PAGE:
(Vatican Radio) Pope Francis has concluded his intense 5-day apostolic journey to Colombia with yet another call to uphold human dignity and to work for a just society in which inequality and oppression give way to hope and fraternity.
Celebrating Mass on the final day of his visit in the port area of Cartagena, the Pope’s homily addressed many of the issues he has highlighted during his visit to the country which is struggling to put behind over five decades of bloody internal conflict and embark on a path to peace.
And in the nation that is sadly renown for the production of cocaine and the power
of drug cartels, the Pope also made an off-the-cuff denunciation of drug dealers and
traffickers, condemning them as unscrupulous merchants of death who “cut short so
many hopes and destroy so many families.”
“You can't play with the lives of our brothers or manipulate their dignity” he said.
His often poetic homily during which he called on Colombians to continue to dream and to work for a project that includes everyone echoed many of the themes touched upon in the past days such as the need to forgive those who have harmed us – a fundamental concept in a process for healing and reconciliation.
Yet again he reminded the leaders of the nation who are drawing up a peace plan after having signed a deal with rebels, that real peace is only possible if the causes of social injustice, inequality and oppression are tackled.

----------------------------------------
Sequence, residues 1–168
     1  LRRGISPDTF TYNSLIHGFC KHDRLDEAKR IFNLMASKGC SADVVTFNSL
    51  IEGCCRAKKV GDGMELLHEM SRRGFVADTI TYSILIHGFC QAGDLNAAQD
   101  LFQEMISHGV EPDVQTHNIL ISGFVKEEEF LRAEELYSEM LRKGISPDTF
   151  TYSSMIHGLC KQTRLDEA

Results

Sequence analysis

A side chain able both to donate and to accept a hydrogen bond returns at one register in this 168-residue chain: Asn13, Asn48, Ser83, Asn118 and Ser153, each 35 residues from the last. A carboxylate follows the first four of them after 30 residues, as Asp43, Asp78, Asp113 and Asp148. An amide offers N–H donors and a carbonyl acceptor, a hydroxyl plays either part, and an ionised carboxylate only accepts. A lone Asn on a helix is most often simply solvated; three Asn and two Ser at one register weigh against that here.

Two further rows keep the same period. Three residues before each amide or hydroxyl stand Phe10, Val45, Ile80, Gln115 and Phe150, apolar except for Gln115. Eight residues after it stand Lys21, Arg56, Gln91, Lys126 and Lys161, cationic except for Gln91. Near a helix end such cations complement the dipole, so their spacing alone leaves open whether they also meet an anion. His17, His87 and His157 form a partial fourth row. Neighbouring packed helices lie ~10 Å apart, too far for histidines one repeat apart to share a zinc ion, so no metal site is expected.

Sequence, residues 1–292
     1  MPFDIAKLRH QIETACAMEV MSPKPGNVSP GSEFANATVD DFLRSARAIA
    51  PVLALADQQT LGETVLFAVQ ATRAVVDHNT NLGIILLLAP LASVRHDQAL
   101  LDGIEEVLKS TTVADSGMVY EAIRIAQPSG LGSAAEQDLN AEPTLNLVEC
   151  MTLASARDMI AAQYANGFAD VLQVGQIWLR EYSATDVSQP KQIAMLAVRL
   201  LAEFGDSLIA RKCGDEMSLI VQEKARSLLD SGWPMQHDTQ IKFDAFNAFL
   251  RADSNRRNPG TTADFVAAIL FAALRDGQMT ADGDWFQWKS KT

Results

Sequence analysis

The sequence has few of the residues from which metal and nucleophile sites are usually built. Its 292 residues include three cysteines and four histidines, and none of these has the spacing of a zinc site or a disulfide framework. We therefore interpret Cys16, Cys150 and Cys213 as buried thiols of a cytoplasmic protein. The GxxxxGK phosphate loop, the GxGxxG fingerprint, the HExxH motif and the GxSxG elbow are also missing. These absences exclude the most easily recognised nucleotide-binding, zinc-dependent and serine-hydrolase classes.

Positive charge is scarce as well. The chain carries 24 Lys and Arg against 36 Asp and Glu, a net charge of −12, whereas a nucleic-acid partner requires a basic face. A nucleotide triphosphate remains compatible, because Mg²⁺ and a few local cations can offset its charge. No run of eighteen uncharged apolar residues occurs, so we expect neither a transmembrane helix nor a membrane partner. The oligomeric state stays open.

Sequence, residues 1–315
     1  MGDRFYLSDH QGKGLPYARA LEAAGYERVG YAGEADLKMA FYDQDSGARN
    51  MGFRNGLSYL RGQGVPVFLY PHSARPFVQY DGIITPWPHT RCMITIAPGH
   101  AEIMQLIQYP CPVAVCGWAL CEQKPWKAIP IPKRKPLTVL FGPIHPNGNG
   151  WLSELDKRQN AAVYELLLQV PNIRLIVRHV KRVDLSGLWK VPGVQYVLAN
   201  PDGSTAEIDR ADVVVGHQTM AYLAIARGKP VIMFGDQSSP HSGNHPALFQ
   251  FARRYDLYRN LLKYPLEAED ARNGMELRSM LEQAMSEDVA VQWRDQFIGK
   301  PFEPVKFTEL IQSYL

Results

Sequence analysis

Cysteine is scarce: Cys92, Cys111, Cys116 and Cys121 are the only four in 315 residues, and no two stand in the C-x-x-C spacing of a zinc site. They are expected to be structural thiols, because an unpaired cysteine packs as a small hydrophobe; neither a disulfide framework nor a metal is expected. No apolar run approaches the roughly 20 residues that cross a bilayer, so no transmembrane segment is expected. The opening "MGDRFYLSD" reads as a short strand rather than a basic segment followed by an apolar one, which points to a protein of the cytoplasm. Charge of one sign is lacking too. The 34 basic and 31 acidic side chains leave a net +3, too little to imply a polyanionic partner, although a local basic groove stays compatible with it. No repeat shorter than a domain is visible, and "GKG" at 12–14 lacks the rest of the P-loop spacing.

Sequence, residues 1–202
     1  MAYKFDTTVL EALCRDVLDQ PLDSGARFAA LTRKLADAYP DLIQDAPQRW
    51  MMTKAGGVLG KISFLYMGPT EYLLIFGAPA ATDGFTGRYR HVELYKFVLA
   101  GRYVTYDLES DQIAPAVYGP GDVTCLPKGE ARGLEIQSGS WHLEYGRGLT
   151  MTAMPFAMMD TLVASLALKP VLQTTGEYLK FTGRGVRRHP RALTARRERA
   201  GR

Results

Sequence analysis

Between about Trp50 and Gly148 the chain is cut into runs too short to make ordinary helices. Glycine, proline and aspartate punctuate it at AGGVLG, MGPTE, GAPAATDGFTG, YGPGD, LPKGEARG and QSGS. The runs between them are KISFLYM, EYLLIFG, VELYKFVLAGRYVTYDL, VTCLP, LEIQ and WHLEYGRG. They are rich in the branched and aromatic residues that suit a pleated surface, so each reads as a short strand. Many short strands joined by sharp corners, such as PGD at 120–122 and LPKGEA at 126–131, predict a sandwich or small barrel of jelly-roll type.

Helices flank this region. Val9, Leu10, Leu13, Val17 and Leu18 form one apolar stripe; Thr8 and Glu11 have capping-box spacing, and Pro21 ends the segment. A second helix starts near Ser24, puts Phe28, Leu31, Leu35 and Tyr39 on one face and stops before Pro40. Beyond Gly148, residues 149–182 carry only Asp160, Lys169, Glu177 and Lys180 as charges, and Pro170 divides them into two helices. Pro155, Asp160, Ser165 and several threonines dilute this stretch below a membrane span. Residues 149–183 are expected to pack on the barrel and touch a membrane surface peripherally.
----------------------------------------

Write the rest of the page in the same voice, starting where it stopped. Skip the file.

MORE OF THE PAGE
“If Colombia wants a stable and lasting peace, it must urgently take a step in this direction, which is that of the common good, of equity, of justice, of respect for human nature and its demands” he said in a forceful voice.
And he didn’t shy away from naming and decrying, one by one, the evils that undermine a culture of encounter including drug abuse, the devastation of natural resources, pollution, the exploitation of labour, illicit money trafficking and financial speculation which, he said, expose millions of men and women to poverty, prostitution, human trafficking, the tragedy of migrants who are exploited and manipulated.
Notwithstanding their suffering and the wounds of conflict and of centuries of exploitation, the people of Cartagena, which is built on the shores of the Caribbean Sea, brought joy, colour and beauty to the ceremony with their rich tradition of music and dance.
And Pope Francis concluded with a message of Christian hope, inviting all Colombians to lift their eyes to heaven together because, he said: “the Lord is able to untie that which seems impossible to us, and he has promised to accompany us to the end of time, and will bring to fruition all our efforts”.
In Colombia with Pope Francis, I’m Linda Bordoni
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